Journal of Economic Perspectives
Volume 12, Number 2
Evidence on Discrimination in
Employment: Codes of Color, Codes of
William A. Darity Jr. and Patrick L. Mason
here is substantial racial and gender disparity in the American economy.
As we will demonstrate, discriminatory treatment within the labor market
is a major cause of this inequality. The evidence is ubiquitous: careful
research studies which estimate wage and employment regressions, help-wanted
advertisements, audit and correspondence studies, and discrimination suits which
are often reported by the news media. Yet, there appear to have been periods of
substantial reductions in economic disparity and discrimination. For example, Do-
nohue and Heckman (1991) provide evidence that racial discrimination declined
during the interval 1965-1975. Gottschalk (1997) has produced statistical estimates
that indicate that discrimination against black males dropped most sharply between
1965 and 1975, and that discrimination against women declined during the interval
1973-1994. But some unanswered questions remain. Why did the movement toward
racial equality stagnate after the mid-1970s? What factors are most responsible for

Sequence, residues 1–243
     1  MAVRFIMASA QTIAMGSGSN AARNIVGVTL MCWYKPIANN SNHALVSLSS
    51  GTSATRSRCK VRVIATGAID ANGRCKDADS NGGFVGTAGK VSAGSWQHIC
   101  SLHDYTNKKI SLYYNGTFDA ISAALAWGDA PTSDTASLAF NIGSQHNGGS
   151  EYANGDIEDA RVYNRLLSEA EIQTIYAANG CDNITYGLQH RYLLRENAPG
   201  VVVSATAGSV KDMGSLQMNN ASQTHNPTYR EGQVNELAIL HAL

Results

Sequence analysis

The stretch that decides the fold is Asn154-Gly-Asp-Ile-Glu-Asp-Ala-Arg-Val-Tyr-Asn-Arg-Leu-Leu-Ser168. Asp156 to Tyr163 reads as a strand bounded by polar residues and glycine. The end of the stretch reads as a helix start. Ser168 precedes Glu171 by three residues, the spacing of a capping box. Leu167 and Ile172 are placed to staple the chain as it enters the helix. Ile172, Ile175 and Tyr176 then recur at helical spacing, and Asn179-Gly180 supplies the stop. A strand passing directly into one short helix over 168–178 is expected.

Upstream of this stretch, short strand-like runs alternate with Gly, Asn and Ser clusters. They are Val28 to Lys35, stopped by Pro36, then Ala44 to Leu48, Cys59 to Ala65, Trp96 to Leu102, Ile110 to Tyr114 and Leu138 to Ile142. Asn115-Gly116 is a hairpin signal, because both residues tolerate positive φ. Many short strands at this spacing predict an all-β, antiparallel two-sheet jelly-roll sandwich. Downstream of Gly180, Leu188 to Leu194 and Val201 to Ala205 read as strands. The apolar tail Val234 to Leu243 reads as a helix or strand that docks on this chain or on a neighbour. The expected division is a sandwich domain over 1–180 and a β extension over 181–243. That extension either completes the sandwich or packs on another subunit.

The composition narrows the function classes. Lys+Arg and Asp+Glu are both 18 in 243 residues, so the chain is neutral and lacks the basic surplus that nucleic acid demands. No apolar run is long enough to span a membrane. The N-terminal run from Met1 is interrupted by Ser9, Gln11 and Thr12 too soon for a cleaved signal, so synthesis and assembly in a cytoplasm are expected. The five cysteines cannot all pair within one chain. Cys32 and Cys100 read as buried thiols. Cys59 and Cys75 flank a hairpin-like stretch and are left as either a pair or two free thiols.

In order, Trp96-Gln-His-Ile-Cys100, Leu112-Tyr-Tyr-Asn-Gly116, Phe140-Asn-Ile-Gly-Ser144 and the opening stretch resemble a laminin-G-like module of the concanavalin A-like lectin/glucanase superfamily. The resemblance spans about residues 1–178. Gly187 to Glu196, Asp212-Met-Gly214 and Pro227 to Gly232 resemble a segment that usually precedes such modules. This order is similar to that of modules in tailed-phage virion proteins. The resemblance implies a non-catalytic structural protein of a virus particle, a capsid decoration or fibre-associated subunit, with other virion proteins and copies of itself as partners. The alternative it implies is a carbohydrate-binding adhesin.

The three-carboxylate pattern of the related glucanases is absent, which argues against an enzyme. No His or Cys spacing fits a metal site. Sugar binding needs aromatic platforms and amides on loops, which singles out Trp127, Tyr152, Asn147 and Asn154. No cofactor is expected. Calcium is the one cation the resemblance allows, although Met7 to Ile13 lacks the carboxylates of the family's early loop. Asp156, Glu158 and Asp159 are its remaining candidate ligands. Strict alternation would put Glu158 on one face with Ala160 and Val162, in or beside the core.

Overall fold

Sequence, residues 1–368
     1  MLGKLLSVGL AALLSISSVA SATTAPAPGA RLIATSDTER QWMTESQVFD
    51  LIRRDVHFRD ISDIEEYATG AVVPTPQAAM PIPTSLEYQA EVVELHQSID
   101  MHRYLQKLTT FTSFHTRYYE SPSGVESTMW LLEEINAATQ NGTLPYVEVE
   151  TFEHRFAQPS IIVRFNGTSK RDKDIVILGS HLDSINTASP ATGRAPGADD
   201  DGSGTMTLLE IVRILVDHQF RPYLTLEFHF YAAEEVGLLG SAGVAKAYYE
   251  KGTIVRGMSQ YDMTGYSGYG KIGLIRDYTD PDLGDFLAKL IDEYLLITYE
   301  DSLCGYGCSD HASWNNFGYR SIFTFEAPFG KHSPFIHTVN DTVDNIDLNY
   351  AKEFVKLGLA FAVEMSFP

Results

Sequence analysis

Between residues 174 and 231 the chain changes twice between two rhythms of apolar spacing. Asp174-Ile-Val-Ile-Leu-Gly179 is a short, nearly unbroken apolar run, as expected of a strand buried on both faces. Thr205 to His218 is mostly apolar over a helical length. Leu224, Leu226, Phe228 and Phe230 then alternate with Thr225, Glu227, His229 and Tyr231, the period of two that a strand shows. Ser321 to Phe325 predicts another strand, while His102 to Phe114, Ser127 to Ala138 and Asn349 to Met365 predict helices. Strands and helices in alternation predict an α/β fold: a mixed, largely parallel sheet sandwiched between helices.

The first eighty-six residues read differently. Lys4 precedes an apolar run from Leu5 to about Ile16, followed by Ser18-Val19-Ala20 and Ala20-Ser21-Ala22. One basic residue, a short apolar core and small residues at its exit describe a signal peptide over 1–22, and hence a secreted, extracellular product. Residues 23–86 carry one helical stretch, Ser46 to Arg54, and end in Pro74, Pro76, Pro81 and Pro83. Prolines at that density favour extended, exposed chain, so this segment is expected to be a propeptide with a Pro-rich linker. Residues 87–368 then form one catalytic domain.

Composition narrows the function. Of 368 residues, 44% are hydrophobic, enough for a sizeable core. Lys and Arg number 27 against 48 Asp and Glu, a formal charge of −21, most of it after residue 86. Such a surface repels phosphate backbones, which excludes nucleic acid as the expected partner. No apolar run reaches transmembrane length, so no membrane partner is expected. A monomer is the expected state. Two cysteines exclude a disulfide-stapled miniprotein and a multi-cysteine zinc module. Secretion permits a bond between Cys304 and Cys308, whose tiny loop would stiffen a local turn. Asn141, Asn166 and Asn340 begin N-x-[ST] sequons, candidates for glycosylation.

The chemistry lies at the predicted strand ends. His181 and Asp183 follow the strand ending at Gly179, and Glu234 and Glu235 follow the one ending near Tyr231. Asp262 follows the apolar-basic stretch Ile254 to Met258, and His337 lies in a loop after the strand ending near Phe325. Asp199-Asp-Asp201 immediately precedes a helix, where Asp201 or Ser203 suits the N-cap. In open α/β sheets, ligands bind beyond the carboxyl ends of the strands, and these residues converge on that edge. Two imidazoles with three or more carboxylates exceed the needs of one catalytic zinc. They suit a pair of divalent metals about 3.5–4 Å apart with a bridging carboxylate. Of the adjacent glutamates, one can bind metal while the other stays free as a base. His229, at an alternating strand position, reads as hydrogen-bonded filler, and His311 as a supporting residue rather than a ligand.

the remaining gender inequality? What is the role of the competitive process in
elimination or reproduction of discrimination in employment?
The Civil Rights Act of 1964 is the signal event associated with abrupt changes
in the black-white earnings differential (Bound and Freeman, 1989; Card and Krue-
ger, 1992; Donohue and Heckman, 1991; Freeman, 1973).' Along with other im-
' Evidence on racial progress in economic status is contingent on the measure selected for consideration.
While black-white earnings ratios rose for more than a decade following the passage of the Civil Rights
Act, black-white family income ratios have remained in a stable, narrow band between 60 and 64 percent
between 1960 and the present. The ratio actually declined below 60 percent during the 1982 reces-
sion (Darity and Myers, forthcoming). Moreover, there has been little change in black-white
William A. Darity is the Cary C. Boshamer Professor of Economia, University of North
Carolina, Chapel Hill, North Carolina. Patrick L. Mason is Associate Professor of Economics,
University of Notre Dame, South Bend, Indiana.